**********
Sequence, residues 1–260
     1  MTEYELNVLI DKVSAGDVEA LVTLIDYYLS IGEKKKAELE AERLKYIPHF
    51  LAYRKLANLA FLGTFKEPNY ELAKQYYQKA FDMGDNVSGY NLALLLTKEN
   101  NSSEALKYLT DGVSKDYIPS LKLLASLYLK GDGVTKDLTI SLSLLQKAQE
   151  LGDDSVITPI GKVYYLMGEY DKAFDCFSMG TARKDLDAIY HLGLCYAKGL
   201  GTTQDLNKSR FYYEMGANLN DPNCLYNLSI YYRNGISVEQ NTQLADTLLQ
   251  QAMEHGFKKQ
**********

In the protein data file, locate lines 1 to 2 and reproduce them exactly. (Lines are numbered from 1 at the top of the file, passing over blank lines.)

Sequence, residues 1–260
     1  MTEYELNVLI DKVSAGDVEA LVTLIDYYLS IGEKKKAELE AERLKYIPHF